When you become a parent it can feel like you’re a tourist in a foreign country, where you don’t speak the language and Google Maps isn’t available. So when everyone starts clamouring on about “the routine”, you’ll be forgiven for thinking, “Huh?!”
Without question, so much of the early days with a newborn are about survival. Surviving on little sleep, surviving on only one coffee a day when 10 cups would be preferable, surviving the dreaded witching hour, surviving seven hours trapped under your tiny human during a cluster feed.
While the first month with my newborn son was by all accounts a little easier than most – we actually dodged the witching hour curse and I had a lot of family support – when I encountered tricky moments, hours or days, my mum would assure me it would get easier, especially when “you find your own routine”.
As someone who can be stubbornly proud and somewhat of a ‘Type A’ personality, I was a little ashamed to confess that I didn’t really know what the ‘routine’ she was referring to was all about.
What constitutes a routine? How would I find it? And how would I know when it was in place? Would my maternal and child health nurse/husband/friendly neighbourhood baby whisperer let me know what the routine was?
My mum seemed to infer that I would set this routine. But given my laughingly meagre experience with babies (do two fur babies count?!) I simply had no idea how to get one established.
Read more about routines:
- Sweet dreams: How to build a strong sleep routine for your baby
- Routine and randomness: a typical toddler day
- From Finland to Japan: How kids’ bedtimes differ around the world
So … what’s a routine then?
I was told that establishing a routine gives babies a sense of security and stability. And that as my son got older, a routine would help in his social, emotional and cognitive development.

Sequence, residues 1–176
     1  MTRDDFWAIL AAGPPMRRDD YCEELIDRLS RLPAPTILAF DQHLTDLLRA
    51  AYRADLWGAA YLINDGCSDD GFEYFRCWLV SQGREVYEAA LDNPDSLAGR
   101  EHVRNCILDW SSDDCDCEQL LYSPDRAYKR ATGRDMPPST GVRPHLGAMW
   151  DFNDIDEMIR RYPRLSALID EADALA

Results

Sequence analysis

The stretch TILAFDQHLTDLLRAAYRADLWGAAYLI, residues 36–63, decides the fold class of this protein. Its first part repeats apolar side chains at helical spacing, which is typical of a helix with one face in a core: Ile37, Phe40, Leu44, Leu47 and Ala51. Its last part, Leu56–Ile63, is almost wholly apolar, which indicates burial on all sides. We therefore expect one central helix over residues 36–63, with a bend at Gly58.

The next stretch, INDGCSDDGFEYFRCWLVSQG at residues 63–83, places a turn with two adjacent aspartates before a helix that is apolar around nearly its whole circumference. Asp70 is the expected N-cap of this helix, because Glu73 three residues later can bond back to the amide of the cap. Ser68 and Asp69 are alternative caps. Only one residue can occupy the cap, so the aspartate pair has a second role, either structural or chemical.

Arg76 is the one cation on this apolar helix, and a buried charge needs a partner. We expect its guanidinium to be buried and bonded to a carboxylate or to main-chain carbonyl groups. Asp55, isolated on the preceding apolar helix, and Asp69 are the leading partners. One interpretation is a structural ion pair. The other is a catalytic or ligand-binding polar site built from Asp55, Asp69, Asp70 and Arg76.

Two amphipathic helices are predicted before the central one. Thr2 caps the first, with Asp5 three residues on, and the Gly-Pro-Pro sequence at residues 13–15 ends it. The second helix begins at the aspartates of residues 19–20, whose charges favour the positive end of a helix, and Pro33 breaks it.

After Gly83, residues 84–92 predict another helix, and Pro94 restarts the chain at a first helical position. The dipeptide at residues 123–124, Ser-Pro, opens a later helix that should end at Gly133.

The government-funded online parenting resource, Raising Children Network, advises that while “it helps to be flexible about when your baby sleeps and feeds … many infant health experts believe that it can also help to begin doing things in a similar order each day – feed, play, sleep.”
Their instructions are that after your baby wakes, offer a feed, change your bub’s nappy, have “play” time, and then put them down for a nap when you notice their tired signs (usually after one to 1.5 hours for a newborn).
Okay, right, so, a routine? Trouble was, this didn’t really seem to be a routine my son had any interest in.
In those first few weeks, it was more a case of fly by the seat of your pants. While the witching hour wasn’t really my son’s thing, cluster feeds were. So when you’re stuck on the couch breastfeeding from 3pm until 10pm, establishing the whole “feed, play, sleep” routine seems counterintuitive.
My mum tried to guide me towards spacing out feeds and sleeps in carefully timed increments, but given I had chosen to demand feed (basically what it sounds likes – feeding your baby whenever he or she demands it) this didn’t really wash with my seemingly ravenous bub.
I also found watching out for those tired signs – the indication that my baby was ready for another nap – incredibly tricky. Was he pulling on his ear because he was tired or just having a scratch? Was that a yawn or wind? Was he blankly staring because it was snooze time or because he was trying to figure out who all those visitors were peering down at him? This meant I more often than not missed that all-important ‘sleep window’.
It all starts to make sense
After a couple of months though, I suddenly realised that our days had started to take on a kind of calm rhythm. A routine, if you will.
Somewhat fanatically I had started to keep track of my son’s every sleep and feed in an app, and when I looked back over the proceeding week or so, I could start to see somewhat of a pattern emerging.
I was also starting to get some nice long stretches overnight and I began putting him down for more cot naps during the day, rather than letting him curl into my chest (or on whoever else was nearby, whether my mum, husband or visiting friend) like a cuddly koala. And I got better at spotting those tired signs.
This lent a structured reliability to our days, which I realised I also needed. I found the unpredictability that life with a newborn can bring more than a little stressful, so a day that started with roughly the same wake time every morning, with play time, a walk in the pram, feeds, naps, bath and the like interspersed throughout the day in a predictable pattern made for a calmer mother and thus a calmer bub.
There was no great routine handout that I received when I became a mother; instead, it was the steepest learning curve of my life as I struggled to find our own routine. But 19 months in, with regular routines now making up our days – routines around breakfast, park time, reading, afternoon nap, tooth brushing, etc – it all finally makes sense.
Rest assured new mothers – you too, will you find your own routine. I promise.